Cemetery Preserved, and Just In Time

You're not going to believe what happened at this cemetery yesterday, just one day after this Eagle Scout project photographed it....Here's the background.

Genealogists from around the world came together today to transcribe the headstones of one of our local cemeteries here in Idaho. In case you missed it, here was our call for your help. My son, Evan, is so thankful for everyone's support. His Eagle Scout project was a big success, and was completed just in time (keep reading to learn what happened yesterday).

The purpose of his project was to help preserve the Greenleaf Cemetery in Greenleaf, Idaho. He read stories and saw pictures of cemeteries being destroyed by vandalism and natural disasters. Even our town cemetery here in Middleton was vandalized a couple of years back.

This morning we visited with the head of the Greenleaf Cemetery District to give her Evan's report of the project. Evan explained that all the headstones had been photographed two nights before, published to the BillionGraves website, and that within the next week the cemetery's database would be created and be searchable. She said she's wanted to have something like this for years since people are always asking her for help in finding their loved ones there.

What she showed us next caused the hairs on my arms to stand.

She said that just yesterday, one of the gravesites collapsed. Not one of the headstones, but the entire gravesite. I had to see this and find out what caused it. Sure enough, there was a big hole in the ground. She explained that prior to the 1970s, caskets were made of pine. Pine disintegrates over time and when it does, it causes the ground above it to cave in. Nothing under the ground at this site was exposed and they'll have it fixed quickly. We asked if it was anything that our group of photographers had done to cause this, and she thankfully replied that no, the lawnmower goes over it all the time, and it was just time for this to happen to the 80-year-old site. When this happens, the headstone often breaks off as well and needs replaced.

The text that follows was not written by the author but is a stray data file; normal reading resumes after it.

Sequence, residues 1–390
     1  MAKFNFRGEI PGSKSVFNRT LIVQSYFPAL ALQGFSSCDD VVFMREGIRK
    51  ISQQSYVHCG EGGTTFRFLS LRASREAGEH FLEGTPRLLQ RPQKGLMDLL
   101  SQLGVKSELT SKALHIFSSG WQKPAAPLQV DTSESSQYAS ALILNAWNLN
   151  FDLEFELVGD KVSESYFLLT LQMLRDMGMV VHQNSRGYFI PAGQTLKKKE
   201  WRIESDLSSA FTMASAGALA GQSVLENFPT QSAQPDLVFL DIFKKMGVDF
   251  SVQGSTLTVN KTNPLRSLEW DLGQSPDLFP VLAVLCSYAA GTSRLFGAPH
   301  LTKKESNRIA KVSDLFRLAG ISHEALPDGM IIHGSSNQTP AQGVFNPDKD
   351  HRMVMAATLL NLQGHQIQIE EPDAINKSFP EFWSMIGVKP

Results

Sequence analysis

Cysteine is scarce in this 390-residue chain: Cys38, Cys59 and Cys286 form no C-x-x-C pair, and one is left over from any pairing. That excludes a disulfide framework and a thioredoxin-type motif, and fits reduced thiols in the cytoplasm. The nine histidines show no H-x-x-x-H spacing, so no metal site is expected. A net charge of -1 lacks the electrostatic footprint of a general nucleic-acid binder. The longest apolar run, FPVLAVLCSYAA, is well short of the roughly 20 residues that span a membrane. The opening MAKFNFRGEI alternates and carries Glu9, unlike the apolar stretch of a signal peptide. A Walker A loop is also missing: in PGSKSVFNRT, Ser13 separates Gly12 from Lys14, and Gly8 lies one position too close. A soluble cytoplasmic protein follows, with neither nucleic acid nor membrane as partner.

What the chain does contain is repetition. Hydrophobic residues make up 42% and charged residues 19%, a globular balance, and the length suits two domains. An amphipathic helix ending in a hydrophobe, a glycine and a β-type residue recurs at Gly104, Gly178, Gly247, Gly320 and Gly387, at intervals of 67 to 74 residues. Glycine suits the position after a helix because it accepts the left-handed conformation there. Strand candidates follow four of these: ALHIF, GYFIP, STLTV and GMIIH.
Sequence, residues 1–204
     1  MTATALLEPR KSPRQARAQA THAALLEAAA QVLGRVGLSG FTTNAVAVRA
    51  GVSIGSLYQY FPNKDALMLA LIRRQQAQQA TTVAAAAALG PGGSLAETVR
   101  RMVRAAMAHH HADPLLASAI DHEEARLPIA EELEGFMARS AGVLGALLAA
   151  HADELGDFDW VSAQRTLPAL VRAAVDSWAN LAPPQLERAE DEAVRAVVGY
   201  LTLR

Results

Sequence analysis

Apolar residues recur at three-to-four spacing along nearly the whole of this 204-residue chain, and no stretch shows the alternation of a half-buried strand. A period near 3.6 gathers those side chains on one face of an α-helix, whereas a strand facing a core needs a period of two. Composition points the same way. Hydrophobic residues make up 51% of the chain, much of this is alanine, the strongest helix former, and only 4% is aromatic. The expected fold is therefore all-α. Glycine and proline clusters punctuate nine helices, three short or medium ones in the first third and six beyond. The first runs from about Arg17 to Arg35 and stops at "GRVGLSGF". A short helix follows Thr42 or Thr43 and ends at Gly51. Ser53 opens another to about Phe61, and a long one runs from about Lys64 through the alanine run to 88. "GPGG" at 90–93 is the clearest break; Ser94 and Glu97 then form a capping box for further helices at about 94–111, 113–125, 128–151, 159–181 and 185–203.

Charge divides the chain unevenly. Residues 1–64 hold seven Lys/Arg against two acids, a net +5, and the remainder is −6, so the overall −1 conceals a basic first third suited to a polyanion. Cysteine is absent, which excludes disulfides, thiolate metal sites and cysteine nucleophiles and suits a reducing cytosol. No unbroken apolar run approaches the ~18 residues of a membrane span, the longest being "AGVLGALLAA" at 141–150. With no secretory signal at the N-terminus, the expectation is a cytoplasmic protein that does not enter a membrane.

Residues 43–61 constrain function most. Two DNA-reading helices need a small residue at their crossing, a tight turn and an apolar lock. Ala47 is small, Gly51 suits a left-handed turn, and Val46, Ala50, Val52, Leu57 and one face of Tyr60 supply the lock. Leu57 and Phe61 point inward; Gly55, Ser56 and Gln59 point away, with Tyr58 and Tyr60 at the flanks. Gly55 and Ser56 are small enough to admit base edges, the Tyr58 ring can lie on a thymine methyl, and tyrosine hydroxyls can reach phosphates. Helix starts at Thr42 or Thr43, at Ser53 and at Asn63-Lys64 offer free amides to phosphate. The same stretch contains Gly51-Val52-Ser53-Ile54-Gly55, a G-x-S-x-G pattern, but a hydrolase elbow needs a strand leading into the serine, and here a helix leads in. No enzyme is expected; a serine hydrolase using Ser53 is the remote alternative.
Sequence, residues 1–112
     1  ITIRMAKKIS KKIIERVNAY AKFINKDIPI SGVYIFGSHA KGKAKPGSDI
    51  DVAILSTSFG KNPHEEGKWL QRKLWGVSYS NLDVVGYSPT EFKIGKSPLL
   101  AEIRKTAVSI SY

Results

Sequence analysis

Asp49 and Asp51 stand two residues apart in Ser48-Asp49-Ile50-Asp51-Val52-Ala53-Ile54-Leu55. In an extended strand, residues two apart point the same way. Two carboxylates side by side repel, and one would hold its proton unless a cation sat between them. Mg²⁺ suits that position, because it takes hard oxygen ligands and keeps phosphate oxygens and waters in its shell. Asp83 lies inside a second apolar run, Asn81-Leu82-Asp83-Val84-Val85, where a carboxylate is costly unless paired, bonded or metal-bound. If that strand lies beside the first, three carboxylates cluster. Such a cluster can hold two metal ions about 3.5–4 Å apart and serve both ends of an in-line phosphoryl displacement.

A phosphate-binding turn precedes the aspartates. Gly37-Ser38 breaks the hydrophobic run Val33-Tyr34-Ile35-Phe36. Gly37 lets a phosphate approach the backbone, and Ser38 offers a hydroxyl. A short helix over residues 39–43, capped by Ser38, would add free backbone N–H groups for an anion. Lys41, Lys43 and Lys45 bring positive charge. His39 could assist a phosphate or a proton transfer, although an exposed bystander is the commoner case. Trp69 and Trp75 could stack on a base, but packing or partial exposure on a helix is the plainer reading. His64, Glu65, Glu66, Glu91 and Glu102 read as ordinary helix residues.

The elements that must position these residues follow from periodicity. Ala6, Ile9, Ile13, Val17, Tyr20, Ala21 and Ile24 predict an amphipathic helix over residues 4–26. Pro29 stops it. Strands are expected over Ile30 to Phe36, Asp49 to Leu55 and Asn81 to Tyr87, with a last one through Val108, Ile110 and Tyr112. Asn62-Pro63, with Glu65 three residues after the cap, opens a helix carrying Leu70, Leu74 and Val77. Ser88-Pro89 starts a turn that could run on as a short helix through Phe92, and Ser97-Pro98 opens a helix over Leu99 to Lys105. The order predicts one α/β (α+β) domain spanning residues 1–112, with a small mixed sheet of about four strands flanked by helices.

So...thank goodness for Evan's Eagle Scout project. Every site in the cemetery was photographed the night before, including this site. And thus, due to the efforts of 20 of us here taking pictures, and hundreds of you from around the world transcribing those pictures here, the cemetery is preserved and even searchable.


You're Invited! Transcribe 1 headstone today to help with Evan's Eagle project

EvanscoutHi my name is Evan Rasmussen. Some of you might know my dad, Geoff. I am working on my Eagle project which is to help preserve a cemetery by photographing the gravestones and uploading the images to a website called billiongraves.com.

On Wednesday I and a group of people (20 of us) went to one of my local cemeteries and completed the photographing stage of the project. We took 687 pictures. The next thing I need to get done is to transcribe the images we took. This makes it so anyone who is looking for a relative in this cemetery can find them. If you want to help me out by transcribing ONE gravestone click here. Just zoom in,  click on one of the green pins and transcribe away. (You'll have to first create a free account if you haven't already.) Thanks!

Here's what the cemetery looked like before we started:


Here's what it looks like now:


Here's what it looks like when you click on one of the yellow bubbles:


And here's what it looks like when you click on one of the green bubbles:



A few hours later...